By receiving regular eye exams, optometrists can evaluate the blood vessels in your retina for any warning signs of systemic disease and other complications. Routine eye checkups reveal many health problems including cancer, hypertension (high blood pressure), diabetes and more.

You may even be unaware that your vision is not perfect. This is especially prominent among children who may be having difficulty in school, sports, and other social situations.

Heavy and frequent use of technology like smartphones and computers can lead to digital eye strain (aka computer vision syndrome). Symptoms from looking at a digital screen for too long may include headaches, blurred vision, dry eyes or neck, and shoulder pain.

Regular eye checkups will prevent or reduce the effects of digital eye strain and prevent long term damage. Our eye doctors can prescribe lenses that are specifically made to combat long exposure to digital screens to keep your eyes comfortable and in focus all day.

Your vision will likely deteriorate and worsen with time. Regular eye exams for renewed prescriptions will keep your vision healthy and focused.

  • Studies show United States adults spend

    10+ Hours on digital devices

Overexposure to blue light can lead to computer vision syndrome, a condition that can cause headaches, blurred vision, neck pain, dry eyes, and more.

Book Eye Exam

5 - 18 YEARS Once a year
19 - 60 YEARS Every 1-2 years or as recommended by doctor
60+ YEARS Once a year

*Our doctors of optometry provide eye exams for children aged 5 and older. For children younger than 5, please contact us for a referral.

If chronic conditions like diabetes or glaucoma run in your family, you may need more frequent checkups. Our optometrists provideeye exams for patients with diabetes and are qualified to treat eye problems associated with Type 1 or Type 2 diabetes.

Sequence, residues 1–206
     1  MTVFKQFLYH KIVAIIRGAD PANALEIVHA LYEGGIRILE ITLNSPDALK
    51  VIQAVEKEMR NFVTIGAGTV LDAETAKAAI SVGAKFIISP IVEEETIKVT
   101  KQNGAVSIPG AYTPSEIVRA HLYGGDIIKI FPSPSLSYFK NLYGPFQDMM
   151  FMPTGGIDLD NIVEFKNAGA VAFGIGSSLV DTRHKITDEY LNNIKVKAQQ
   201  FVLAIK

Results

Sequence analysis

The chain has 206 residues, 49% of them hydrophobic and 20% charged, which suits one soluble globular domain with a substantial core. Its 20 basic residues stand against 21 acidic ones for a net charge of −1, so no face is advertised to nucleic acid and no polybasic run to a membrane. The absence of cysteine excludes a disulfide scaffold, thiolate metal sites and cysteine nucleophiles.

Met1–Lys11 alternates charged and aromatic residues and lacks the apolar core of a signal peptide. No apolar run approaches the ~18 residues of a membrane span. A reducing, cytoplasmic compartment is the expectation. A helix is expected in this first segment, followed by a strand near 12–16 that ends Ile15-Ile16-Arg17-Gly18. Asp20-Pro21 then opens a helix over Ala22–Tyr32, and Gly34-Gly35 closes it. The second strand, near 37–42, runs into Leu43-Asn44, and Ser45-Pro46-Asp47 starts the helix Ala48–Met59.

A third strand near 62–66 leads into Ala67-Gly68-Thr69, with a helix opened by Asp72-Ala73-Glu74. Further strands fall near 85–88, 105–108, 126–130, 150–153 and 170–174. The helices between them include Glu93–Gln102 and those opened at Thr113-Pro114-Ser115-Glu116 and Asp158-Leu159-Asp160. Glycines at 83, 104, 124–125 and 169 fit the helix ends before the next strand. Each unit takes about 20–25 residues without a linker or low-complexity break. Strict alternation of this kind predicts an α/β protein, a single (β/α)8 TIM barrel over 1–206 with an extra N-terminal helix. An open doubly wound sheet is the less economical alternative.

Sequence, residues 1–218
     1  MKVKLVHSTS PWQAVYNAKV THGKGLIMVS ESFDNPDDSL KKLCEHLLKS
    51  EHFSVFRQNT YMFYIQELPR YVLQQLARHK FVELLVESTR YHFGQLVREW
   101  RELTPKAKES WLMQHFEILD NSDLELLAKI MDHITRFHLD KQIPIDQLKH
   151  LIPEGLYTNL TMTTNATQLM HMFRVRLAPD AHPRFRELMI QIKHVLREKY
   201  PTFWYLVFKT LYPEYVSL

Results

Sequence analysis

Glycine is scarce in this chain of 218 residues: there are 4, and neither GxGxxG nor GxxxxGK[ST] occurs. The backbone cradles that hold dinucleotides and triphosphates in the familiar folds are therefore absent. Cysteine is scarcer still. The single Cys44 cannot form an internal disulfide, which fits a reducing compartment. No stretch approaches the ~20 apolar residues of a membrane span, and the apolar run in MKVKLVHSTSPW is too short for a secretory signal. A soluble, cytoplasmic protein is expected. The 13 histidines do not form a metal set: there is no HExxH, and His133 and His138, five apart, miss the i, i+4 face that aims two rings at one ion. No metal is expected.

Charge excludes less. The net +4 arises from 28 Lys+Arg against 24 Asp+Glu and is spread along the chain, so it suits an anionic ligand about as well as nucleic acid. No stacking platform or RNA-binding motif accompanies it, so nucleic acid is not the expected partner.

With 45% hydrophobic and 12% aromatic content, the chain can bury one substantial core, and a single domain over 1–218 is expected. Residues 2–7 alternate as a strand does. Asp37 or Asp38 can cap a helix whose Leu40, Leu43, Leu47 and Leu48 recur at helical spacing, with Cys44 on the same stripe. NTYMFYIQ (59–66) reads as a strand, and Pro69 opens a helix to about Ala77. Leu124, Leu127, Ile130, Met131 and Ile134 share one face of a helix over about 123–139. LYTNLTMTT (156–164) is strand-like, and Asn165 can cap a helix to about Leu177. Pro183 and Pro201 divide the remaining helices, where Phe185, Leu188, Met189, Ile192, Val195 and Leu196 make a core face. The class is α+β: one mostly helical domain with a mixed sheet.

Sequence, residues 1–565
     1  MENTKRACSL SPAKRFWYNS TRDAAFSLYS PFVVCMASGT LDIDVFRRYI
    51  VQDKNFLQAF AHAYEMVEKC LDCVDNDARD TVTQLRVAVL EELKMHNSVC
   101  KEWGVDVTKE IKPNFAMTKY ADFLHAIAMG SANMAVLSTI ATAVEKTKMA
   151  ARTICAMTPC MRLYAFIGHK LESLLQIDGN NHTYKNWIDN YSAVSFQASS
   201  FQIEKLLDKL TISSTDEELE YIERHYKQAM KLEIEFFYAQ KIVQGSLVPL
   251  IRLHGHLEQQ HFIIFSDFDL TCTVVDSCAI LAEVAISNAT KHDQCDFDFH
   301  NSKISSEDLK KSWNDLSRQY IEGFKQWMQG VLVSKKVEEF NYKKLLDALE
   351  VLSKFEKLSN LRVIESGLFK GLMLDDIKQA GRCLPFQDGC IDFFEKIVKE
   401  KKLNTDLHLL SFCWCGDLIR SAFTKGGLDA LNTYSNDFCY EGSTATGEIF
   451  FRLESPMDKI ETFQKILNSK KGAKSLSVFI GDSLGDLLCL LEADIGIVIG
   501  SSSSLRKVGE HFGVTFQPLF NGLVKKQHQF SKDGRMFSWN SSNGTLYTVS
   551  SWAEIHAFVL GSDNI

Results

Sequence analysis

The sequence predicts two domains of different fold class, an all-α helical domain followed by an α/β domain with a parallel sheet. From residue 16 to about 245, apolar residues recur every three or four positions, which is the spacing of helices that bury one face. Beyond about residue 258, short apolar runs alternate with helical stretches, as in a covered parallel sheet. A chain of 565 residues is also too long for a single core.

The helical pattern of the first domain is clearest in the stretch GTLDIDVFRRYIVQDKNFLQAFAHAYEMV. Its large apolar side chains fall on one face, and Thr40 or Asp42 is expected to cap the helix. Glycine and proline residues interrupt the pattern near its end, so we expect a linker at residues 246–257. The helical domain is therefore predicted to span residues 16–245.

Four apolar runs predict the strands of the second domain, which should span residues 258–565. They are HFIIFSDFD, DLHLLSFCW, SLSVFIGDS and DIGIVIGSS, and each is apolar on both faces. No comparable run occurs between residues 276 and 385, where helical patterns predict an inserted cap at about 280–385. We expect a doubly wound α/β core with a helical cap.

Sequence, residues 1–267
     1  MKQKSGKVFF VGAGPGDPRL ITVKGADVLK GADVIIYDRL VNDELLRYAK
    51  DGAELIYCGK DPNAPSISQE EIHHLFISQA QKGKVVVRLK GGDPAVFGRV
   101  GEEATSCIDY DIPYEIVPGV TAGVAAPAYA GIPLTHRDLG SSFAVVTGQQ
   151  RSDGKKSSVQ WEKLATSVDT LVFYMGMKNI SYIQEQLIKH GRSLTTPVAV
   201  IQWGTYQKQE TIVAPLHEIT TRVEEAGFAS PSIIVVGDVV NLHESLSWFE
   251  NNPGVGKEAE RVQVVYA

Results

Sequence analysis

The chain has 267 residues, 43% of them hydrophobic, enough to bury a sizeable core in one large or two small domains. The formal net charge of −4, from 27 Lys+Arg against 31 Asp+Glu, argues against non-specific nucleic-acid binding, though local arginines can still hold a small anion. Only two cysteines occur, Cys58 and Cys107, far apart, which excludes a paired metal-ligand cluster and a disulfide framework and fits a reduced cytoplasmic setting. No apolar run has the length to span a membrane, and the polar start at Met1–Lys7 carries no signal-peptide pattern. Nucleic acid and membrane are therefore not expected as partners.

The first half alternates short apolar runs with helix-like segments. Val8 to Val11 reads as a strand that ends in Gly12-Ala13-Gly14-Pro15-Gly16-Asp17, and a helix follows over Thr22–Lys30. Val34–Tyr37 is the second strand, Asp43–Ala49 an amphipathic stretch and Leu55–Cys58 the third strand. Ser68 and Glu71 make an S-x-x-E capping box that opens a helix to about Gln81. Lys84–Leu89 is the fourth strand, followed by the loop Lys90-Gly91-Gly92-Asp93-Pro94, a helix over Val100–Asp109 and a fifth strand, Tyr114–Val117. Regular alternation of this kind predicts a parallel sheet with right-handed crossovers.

If any of the following are true, it’s time to schedule an exam ASAP:

  • You can’t remember when your last eye exam was
  • You regularly use a computer, tablet, smartphone, or other digital screens for extended periods
  • You experience headaches, squinting, or blurred vision
  • Driving at night has become difficult
  • You’ve noticed a sudden increase in ‘floaters,’ spots, and/or bright flashes
  • You have chronic eye pain, redness, dryness, itching, discharge, or irritated skin around the eyes
  • You’ve experienced an injury to the eye or eye area

If you notice any changes in your vision or eyes, it’s in your best interest to see an optometrist right away. Identifying issues early means the treatment is likely to be easier and more successful. Eye exams for seniors are recommended annually for early detection of any age-related vision changes.

How often you need an eye exam

How much does an eye exam cost?

We’re currently offering extensive eye exams for only $69* at all Heartland Visions locations in Indiana, including contact lens exams!

  • Using insurance

    for an eye exam

The majority of vision insurance plans will cover all or most of the cost for your recommended yearly eye exam. Insurance plans will sometimes pay for part of your eyeglasses or contact lenses too.

Your medical insurance may also be billed in addition to your vision insurance if you have certain medical conditions like pink eye or glaucoma.

Heartland Vision accepts a huge amount of vision insurance carries to ensure you’re getting the most out of your vision insurance or union health & welfare plan. We even provide a free coverage check to verify you’re getting the maximum benefits from your insurance. If your insurance plan doesn’t cover everything, we’ll break down exactly what those out of pocket costs entail so you don’t have any surprises when the bill comes.

Heartland Vision certified opticians are well versed with the techniques insurance providers employ to limit their own costs. As such, they are knowledgeable enough to help you get the most out of your vision insurance, union health & welfare plan, HSA (Health Savings Account) or flex dollars.

  • No insurance

    for an eye exam